It’s a truism that on the Internet anyone can be anyone else. Or, as is sadly sometimes the case, no one at all. I, myself, have never used eBay and don’t pretend to know how it works, or why, though I know of many people who are very happy selling and purchasing items from it and sites like it (and I have no idea how many sites there are).
Despite being midway through the second decade of the 21st Century, some classic Latin, Caveat emptor, seems to be a watchword wherever you wander on the Weird Wild Web. I’ve taken to wearing a helmet and a condom while also fastening my seat belt whenever I’m seated doing interweb things because you never can tell.
Tuesday was Internet Safety Day which always makes me think of Men Without Hats for absolutely no good reason whatsoever (rivalling only the video for that song which had even less reason to be than I might ever develop for my thought process). So perhaps it was appropriate to learn of Paul Barrington, and how even on the Internet anyone can serve as a cautionary tale.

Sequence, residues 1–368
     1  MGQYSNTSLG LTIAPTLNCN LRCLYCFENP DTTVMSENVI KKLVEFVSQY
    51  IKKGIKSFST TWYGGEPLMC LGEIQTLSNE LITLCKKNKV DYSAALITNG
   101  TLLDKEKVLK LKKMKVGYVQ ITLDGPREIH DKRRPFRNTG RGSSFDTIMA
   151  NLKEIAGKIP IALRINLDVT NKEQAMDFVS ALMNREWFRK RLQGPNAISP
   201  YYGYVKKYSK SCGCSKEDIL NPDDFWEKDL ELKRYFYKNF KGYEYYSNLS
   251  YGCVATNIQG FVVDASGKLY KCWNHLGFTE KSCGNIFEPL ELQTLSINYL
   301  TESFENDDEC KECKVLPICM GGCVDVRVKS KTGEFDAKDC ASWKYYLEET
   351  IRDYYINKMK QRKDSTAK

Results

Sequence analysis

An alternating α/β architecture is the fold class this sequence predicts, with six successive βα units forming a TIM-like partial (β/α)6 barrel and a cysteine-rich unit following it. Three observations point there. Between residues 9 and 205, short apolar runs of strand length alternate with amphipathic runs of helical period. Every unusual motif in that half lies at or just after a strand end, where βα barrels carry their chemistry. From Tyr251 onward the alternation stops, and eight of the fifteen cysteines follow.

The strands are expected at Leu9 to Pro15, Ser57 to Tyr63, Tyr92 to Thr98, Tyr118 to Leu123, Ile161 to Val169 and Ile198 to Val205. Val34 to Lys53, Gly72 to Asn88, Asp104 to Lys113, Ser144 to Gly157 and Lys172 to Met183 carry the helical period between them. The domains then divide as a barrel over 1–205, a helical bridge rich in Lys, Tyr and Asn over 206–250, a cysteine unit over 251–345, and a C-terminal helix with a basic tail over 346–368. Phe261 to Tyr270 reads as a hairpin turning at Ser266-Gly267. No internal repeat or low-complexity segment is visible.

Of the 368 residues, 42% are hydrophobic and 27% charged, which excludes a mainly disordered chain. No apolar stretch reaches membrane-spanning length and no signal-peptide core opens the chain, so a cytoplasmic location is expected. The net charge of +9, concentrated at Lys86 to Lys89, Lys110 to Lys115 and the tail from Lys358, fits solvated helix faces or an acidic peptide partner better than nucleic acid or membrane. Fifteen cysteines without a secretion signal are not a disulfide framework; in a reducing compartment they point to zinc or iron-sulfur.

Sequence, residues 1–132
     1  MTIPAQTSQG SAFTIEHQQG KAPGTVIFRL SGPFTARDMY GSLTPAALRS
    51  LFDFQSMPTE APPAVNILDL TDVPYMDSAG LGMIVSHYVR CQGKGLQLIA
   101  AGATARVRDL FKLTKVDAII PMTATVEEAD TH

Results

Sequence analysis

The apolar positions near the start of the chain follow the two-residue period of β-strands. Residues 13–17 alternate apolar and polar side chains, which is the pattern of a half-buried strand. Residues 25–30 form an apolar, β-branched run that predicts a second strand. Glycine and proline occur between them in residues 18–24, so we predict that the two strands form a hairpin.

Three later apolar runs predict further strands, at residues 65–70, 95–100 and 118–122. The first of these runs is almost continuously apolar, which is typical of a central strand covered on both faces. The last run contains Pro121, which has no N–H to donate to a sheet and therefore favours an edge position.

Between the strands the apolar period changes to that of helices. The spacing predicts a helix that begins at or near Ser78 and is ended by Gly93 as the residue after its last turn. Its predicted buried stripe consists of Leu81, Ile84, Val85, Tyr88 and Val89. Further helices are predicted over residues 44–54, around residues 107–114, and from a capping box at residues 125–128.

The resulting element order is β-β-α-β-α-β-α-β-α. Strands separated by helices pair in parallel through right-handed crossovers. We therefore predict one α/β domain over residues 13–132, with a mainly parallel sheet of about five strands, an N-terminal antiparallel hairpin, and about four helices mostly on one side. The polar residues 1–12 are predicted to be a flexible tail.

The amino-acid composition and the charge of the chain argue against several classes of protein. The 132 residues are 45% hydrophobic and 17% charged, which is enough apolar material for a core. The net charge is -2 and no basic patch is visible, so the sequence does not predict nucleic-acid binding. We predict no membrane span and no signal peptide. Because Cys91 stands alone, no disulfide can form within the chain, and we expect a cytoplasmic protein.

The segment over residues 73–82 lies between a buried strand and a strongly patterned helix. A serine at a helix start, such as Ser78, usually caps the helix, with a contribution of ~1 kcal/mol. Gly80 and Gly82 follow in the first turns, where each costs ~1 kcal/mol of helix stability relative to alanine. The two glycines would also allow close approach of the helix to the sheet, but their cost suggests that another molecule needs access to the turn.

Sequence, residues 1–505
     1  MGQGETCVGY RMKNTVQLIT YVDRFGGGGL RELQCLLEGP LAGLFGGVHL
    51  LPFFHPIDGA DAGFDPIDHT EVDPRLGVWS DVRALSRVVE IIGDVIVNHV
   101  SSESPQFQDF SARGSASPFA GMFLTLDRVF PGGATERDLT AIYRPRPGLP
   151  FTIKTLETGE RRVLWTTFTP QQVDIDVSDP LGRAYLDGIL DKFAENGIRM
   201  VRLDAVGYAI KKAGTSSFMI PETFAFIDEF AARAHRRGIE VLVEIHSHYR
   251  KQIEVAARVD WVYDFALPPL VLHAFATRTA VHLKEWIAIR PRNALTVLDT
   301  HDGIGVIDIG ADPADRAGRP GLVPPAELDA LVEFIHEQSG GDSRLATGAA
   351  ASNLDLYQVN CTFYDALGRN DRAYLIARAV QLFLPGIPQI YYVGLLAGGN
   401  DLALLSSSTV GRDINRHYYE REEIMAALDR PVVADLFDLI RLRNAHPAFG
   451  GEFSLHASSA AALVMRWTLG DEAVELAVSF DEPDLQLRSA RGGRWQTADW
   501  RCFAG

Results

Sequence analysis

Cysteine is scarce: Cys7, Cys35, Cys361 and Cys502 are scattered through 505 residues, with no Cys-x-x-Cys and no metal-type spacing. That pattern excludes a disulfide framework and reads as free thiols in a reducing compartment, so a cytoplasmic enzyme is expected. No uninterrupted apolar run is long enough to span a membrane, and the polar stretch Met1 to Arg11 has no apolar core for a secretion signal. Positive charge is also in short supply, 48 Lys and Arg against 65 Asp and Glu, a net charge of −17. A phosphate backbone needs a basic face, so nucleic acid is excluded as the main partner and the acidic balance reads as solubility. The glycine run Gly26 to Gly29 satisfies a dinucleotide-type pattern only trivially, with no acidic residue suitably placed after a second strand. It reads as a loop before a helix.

All we have online is our reputation-not surprisingly all we have in our person to person dealings with one another when we have no mouse and keyboard. For better and as Paul learned sometimes for worse, our word isn’t worth the flat panel screen it’s displayed on.
Yes, somewhere in the story you’ll read how Paul will be made whole, in terms of getting his money refunded (and probably being allowed to keep the printed picture of the Mac Book he didn’t really buy), but there will always be a scintilla of suspicion and not just for him (but for us who’ve read of his plight as well) when engaging in online commerce.
As Steve Jobs once offered, “Technology is nothing. What's important is that you have a faith in people, that they're basically good and smart, and if you give them tools, they'll do wonderful things with them.” Or sometimes, to one another.